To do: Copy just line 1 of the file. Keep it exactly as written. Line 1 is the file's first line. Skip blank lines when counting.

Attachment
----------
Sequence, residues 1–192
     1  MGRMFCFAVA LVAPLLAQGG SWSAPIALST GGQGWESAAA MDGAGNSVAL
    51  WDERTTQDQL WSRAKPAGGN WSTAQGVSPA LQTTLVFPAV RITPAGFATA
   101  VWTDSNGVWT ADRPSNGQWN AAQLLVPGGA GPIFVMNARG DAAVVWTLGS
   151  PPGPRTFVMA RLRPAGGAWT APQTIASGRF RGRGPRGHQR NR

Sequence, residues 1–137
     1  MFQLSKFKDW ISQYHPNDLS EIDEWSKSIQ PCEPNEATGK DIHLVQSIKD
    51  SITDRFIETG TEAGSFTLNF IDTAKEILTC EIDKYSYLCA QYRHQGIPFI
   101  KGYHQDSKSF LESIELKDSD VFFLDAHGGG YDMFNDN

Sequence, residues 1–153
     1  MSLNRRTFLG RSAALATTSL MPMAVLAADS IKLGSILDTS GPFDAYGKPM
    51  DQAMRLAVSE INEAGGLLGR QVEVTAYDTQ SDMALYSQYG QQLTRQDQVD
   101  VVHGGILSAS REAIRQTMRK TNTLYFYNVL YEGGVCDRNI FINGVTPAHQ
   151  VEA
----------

Sequence, residues 1–192